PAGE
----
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Lyrical voyage

``I like my poems to be lucid. I think wit and humour are an intrinsic part of poetry, and it should be serious but not solemn", says 74-year old poet, literary critic and former diplomat, Guy Amirthanayagam.

"A LONG and frantic search it has been
To find the face to match the dream
Natasha! now that the face is seen,
The dream recedes, it would seem
Another frantic search must start apace
To find the dream to match the face."

The title poem from his latest collection, ``The Face and the Dream'', was among the poems read by Prof. Guy Amirthanayagam at the Madras Book Club recently.

The poet-literary critic and former diplomat preceded his reading with a talk on ``Sri Lankan Writing in English".

Earlier in the day, he was at the Loyola College, comparing and contrasting ``Contemporary Indian and American poetry". The previous morning, he presented a lecture at the University of Madras on ``T.S. Eliot: Pontifex and Scapegoat".

A packed itinerary and a punishing pace for even a man in his twenties, one would think. But the 74-year old was as spry as ever the following noon at the interview at his son's residence.

This is an unusual family of administrators with a flair for poetry and a passion for literature. While Guy Amirthanayagam retired after a distinguished career in the Ceylon Civil Service and the Sri Lankan Foreign Service, his son, Indran J. Amirthanayagam, Consul for Public Affairs at the U.S. Consulate General, Chennai, has recently published a collection of poems.

"I began writing while I was at high school and at college, I was editor of the Ceylon University Magazine in Colombo," says Guy Amirthanayagam.

``I passed the Ceylon Civil Service examinations and was later sent as Deputy High Commissioner in London in the early 1970s. The cultural climate in England was very conducive to writing since I was writing in English.''

He then decided to take up the job of founder-director of the Culture Learning Institute at the East-West Center, Hawaii. ``The eight years I spent there were stimulating as the conferences I organised brought me in contact with the best writers in the East and West. Nissim Ezekiel, A. K. Ramanujam, C. D. Narasimhiah and Nobel prize winners such as Kenzaburo Oe of Japan as well as Sir Malcolm Bradbury and others.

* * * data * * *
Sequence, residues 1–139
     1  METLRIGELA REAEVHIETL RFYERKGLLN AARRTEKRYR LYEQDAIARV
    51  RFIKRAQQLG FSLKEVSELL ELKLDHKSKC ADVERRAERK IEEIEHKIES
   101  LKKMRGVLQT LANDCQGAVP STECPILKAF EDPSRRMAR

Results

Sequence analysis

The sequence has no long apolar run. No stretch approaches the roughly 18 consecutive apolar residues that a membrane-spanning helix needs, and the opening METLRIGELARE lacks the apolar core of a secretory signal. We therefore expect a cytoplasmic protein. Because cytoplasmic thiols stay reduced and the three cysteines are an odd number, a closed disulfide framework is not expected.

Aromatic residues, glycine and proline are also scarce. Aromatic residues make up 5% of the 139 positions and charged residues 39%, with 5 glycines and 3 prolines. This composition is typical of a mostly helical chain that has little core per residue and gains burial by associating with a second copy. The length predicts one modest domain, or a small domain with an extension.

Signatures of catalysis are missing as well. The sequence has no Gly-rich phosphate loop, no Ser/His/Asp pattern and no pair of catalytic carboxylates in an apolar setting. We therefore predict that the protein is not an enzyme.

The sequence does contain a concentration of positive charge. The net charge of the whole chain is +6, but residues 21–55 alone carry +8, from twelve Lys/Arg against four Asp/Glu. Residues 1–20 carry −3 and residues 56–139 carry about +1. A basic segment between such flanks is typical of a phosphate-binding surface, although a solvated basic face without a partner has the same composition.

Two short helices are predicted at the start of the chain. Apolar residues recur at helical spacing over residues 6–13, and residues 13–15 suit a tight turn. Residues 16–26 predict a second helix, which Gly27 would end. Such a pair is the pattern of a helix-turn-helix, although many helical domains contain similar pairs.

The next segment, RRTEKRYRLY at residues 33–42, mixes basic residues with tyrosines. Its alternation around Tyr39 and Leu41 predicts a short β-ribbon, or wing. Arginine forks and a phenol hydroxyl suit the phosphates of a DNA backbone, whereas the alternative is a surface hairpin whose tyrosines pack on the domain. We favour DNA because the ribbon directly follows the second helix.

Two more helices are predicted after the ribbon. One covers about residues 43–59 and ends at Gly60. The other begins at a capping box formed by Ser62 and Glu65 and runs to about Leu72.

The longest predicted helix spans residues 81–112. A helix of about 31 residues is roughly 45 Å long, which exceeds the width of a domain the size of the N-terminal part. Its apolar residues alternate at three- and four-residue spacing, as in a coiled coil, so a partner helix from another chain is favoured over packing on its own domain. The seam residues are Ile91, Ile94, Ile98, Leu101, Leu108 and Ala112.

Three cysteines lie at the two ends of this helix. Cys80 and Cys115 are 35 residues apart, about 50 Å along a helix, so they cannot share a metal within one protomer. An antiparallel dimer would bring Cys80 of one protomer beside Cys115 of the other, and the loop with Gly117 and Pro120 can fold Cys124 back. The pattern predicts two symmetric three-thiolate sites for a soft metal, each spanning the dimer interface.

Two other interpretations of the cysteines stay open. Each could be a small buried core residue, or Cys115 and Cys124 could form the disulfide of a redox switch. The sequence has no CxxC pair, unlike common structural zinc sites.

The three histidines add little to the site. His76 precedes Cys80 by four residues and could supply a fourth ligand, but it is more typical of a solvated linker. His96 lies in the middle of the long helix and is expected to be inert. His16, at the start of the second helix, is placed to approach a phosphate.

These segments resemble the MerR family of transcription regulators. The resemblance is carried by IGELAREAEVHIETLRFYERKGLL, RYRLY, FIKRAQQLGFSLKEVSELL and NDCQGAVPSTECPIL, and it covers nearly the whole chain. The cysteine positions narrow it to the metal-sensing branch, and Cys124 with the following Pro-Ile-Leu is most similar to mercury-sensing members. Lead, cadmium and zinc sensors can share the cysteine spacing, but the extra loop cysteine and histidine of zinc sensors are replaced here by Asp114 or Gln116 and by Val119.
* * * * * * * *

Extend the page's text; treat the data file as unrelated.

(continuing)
The East-West Center offers scholarships to those in the Asia-Pacific region and the University of Hawaii awards the degrees.

("The literature programme has been discontinued and the concentration is now on political science and polity".)

With this rich experience, Guy Amirthanayagam's attention naturally turned to inter-cultural studies as an area of specialisation.

"One of the greatest adventures of the 20th Century is the growing contact of cultures. A rich fruit of this multiple meeting of cultures, both within and among nations, is a type of modern literature which has great artistic merit and social significance,'' he says.

``And Indian writing is a classic case of the effect of multi-culturalism.'' Several extremely well written books, displaying a depth of scholarship and distinguished by a crisp analytical style are the result of his interest in multi-culturalism.

In ``The Marriage of Continents: Multi-culturalism in Modern Literature,'' he examines among others, the works of Leonard Woolf, Rudyard Kipling, E.M. Forster and George Orwell.

The author of ``Writers in East-West Encounter: New Cultural Beginnings", Guy Amirthanayagam is also the editor of ``Asian and Western Writers in Dialogue: New Cultural Identities''. He holds a Master's degree in American Studies from the Maxwell School, Syracuse University, New York.

Guy Amirthanayagam's poems described ``as an urbane blend of emotion and ironic reflection", deal with love, marriage, ageing and the familiar rhythm of daily life.

What set him off on this lyrical voyage of verse? "Love affairs gave the initial impetus. Most poets begin that way,'' he smiles.

Diaspora does not figure much in the poetry of a man who has travelled widely and has now made his home in the U.S.

``I was not directly affected by the fighting in Sri Lanka. I worked for the Sinhalese Government and I didn't go as a poor immigrant to England and America but as a person in a certain position,'' he points out. ``Now that I've gone back and seen the trouble there, I'm in a mood to write about it."

In poetry, he does not favour free verse but is formal, believing in the importance of rhyme and metre.

``I like my poems to be lucid. I think wit and humour are an intrinsic part of poetry and that it should be serious but not solemn".

Indians are quite sentimental in their approach to poetry and seem to like poems that appeal to them in a direct way, says the senior Amirthanayagam who is quite taken with Chennai and its vibrant cultural ambience.


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